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    Presence of Wagner Group in Belarus Raises Concerns, Polish and Ukrainian Services Monitor the Situation

    In recent developments, the presence of the Wagner Group in Belarus has come under scrutiny, prompting both Polish and Ukrainian intelligence agencies to closely monitor the situation. Stanisław Żaryn, the secretary of state at the Chancellery of the Prime Minister and deputy coordinator of special services, revealed that the first Wagnerians have already arrived in Belarus, with their numbers estimated to be several hundred.

    According to Żaryn, the situation remains dynamic, and Polish services are keeping a watchful eye on the potential influx of more Wagnerians into Belarus. “The first Wagnerians are currently providing training to the Belarusian army and have established themselves in specially prepared camps,” he stated during a video message.

    The Wagner Group, known for its affiliations with the Russian government, has a history of involvement in various conflicts worldwide, and there are concerns that it may serve the Kremlin’s interests in Belarus as well. “The Wagnerians are de facto carrying out missions on behalf of the Kremlin, just as they do elsewhere,” added Żaryn.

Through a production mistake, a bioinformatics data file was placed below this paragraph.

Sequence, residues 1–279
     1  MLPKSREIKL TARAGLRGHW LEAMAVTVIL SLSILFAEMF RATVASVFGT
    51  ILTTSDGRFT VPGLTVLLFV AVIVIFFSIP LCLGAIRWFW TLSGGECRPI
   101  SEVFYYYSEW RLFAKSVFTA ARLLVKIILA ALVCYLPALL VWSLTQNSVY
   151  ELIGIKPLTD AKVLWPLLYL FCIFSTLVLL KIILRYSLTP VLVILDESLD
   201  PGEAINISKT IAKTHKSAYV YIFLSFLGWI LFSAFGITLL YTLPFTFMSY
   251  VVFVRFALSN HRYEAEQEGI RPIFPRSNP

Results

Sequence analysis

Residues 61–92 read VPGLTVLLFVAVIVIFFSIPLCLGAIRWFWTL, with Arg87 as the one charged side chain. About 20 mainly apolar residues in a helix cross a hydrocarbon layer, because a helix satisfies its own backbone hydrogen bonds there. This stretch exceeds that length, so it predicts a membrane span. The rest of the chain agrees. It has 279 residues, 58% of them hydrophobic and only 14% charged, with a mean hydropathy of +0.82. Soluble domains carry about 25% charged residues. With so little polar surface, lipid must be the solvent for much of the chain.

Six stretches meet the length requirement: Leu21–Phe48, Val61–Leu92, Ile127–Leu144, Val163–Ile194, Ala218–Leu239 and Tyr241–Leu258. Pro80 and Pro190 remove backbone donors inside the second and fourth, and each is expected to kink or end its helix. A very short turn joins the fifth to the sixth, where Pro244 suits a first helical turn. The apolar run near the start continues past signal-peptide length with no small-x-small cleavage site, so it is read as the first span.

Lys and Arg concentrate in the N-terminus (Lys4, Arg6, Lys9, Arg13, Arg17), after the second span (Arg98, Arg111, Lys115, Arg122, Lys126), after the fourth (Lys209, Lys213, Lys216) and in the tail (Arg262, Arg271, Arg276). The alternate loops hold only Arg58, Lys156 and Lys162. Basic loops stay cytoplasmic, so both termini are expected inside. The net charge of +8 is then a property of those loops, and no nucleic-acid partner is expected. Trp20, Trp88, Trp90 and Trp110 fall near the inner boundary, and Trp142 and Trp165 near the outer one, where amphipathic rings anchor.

The Ukrainian border guards are also closely monitoring the situation, with Andriy Demchenko, a spokesman for the Ukrainian guard, confirming the movement of individual Wagner Group troops in Belarus. “We have observed groups of representatives from private military companies crossing into Belarus from Russian territory,” stated Demchenko. The border guards are working to understand the locations, tasks, and numbers of these militants.

    Earlier reports had hinted at the possibility of the Wagner Group’s diversion to Belarus, with estimates of up to 8,000 men being stationed in the Mogilev region, particularly in the Osipovichi area.

    Independent project Belaruski Hajun, which tracks troop movements, reported a column of Wagner Group vehicles in the Mogilev region heading towards Osipovichi. This region is of particular interest due to the existence of a former military base in the village of Cel, which was recently renovated after being abandoned for some time.

    As the situation continues to unfold, neighboring countries and the international community are closely monitoring the presence and activities of the Wagner Group in Belarus. With their potential involvement in Belarusian affairs, concerns over regional stability and security have grown, prompting heightened vigilance from intelligence agencies to assess the full extent of the group’s presence and intentions in the country.

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